Forgery is the altering, falsifying, or imitating of a document with the intent to defraud someone. The goal with forging a document is to have the person who is accepting the document believe it is authentic. Georgia has four separate degrees of forgery.
Forgery in the first degree is the crime of knowingly making, possessing, or altering any writing with the intent to defraud. The writing is a forged writing because the perpetrator:
The perpetrator must also utter or deliver the writing to the intended victim.
No. A forged check is the crime of altering or creating check that is not real. The person is accused of changing the amount on the check or forging the owner’s signature. The person then attempts to deposit or cash the check. Under Georgia law, a check is the only kind of writing that is not included under forgery in the first degree.
Contrary to a more traditional way of thinking, a “writing” for the purposes of Georgia’s forgery law is not limited just to letters, books, and other such documents. According to Georgia law, a “writing” refers to any printing or other method of recording information, money, trademarks, credit cards, badges, seals, stamps, as well as other symbols of value, identification, privilege, or right.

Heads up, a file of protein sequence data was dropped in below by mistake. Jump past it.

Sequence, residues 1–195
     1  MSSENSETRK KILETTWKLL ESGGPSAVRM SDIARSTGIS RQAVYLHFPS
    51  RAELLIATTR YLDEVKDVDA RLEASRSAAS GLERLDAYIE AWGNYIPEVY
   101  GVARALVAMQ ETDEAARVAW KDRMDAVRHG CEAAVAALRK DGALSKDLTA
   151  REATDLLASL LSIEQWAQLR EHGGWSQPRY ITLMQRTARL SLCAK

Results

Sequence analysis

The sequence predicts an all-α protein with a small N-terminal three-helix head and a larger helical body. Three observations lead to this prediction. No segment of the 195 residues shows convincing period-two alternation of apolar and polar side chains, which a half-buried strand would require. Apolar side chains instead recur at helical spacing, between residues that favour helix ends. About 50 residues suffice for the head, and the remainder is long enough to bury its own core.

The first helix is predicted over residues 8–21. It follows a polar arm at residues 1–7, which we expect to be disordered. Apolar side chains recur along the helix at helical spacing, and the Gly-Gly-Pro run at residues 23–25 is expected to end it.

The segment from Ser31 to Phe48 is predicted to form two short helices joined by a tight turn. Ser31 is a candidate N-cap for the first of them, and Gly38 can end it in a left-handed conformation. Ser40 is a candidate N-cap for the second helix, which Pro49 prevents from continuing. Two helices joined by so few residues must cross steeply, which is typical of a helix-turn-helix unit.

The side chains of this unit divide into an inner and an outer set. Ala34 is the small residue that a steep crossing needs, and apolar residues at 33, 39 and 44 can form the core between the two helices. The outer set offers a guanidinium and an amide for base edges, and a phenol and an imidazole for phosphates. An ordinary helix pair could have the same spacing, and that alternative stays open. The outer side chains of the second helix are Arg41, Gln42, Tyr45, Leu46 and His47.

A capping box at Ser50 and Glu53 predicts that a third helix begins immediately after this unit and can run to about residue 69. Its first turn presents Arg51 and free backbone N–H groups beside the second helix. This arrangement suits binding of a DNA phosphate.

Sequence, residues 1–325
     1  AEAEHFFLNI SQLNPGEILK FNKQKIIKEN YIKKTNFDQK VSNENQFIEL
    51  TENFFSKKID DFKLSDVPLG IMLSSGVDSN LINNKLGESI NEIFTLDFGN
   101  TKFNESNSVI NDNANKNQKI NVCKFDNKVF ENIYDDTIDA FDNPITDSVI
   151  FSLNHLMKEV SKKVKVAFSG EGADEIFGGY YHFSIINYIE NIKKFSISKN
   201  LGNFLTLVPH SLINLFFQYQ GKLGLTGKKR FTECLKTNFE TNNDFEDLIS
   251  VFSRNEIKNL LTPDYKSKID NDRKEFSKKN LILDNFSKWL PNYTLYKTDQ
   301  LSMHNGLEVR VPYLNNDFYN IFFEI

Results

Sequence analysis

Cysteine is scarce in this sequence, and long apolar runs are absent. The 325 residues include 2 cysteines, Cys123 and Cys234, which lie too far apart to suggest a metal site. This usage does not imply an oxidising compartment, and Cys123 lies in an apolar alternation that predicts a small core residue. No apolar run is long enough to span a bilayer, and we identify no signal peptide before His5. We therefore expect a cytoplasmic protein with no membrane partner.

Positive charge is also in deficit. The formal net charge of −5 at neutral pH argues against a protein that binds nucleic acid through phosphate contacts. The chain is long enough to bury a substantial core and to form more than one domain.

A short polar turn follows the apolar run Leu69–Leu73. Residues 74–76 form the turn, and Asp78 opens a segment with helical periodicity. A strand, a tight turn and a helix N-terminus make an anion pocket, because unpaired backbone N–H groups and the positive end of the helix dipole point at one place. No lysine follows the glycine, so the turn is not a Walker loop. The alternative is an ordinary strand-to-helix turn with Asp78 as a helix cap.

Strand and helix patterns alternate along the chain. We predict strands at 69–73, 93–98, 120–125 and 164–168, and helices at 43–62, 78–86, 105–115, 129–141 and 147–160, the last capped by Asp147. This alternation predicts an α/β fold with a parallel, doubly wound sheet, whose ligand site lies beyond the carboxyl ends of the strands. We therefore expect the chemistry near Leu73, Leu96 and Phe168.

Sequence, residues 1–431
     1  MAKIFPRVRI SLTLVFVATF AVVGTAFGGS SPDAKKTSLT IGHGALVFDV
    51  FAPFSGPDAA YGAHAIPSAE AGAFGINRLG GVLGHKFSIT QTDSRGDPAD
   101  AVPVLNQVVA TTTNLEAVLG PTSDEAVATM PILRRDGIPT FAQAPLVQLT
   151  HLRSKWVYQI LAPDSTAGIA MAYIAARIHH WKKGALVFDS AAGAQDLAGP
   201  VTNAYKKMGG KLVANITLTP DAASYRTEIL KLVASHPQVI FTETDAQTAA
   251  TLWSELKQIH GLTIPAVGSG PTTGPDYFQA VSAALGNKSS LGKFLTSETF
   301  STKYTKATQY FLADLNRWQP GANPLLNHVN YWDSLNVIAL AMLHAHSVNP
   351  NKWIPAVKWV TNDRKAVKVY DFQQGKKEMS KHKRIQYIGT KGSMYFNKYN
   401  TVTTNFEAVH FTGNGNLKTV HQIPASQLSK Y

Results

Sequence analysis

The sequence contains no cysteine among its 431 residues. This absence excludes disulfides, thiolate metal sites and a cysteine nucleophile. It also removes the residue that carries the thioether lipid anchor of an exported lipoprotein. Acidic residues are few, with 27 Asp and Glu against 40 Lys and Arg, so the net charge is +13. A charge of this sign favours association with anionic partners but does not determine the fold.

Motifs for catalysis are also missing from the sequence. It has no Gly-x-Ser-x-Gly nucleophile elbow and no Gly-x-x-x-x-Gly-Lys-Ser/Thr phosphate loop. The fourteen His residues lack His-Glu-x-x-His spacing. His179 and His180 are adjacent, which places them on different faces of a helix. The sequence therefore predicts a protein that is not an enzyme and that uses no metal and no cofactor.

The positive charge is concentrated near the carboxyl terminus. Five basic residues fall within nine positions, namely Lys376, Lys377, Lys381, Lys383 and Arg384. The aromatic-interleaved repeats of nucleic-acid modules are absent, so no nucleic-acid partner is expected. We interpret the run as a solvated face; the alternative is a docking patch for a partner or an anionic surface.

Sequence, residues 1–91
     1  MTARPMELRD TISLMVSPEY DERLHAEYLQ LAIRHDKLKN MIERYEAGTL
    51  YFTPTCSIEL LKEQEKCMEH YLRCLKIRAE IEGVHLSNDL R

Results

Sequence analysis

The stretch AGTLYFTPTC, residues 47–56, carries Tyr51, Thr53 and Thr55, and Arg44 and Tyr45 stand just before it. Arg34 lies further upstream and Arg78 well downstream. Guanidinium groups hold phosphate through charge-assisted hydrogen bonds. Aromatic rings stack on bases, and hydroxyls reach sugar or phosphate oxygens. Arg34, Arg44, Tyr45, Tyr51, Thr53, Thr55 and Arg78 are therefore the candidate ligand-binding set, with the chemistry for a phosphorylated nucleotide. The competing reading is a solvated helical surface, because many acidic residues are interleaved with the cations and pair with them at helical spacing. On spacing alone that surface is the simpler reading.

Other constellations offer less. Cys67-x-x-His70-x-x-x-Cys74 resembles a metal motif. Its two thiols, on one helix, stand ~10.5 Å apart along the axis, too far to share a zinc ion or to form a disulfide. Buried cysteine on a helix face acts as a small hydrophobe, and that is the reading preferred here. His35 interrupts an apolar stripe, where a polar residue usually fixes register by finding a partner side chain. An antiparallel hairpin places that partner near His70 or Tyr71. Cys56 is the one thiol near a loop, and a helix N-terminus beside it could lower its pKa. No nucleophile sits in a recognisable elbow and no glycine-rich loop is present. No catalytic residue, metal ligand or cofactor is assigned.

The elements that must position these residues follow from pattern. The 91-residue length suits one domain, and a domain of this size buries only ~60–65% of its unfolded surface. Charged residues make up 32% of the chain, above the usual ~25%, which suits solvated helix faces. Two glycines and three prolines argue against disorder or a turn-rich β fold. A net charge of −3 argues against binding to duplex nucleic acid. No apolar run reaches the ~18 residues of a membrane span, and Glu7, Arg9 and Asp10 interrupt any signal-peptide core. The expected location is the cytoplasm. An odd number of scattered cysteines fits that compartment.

A person possesses an intent to defraud when they want to deceive, injure, or trick another person to gain a benefit such as money or property.
Yes. Falsifying documents means to modify, change, or alter a document in order to deceive another individual. The document is known by the perpetrator to be false, but they attempt to pass it off as authentic.
Forgery in the first degree is a felony in Georgia. A conviction is punishable by one to 15 years in prison.
Forgery in the first degree is a serious felony in Georgia. Contact a Georgia criminal lawyer immediately the learn about the defenses available to you and how you can fight the charge.
Last Modified: 05-22-2018 02:02 AM PDTLaw Library Disclaimer
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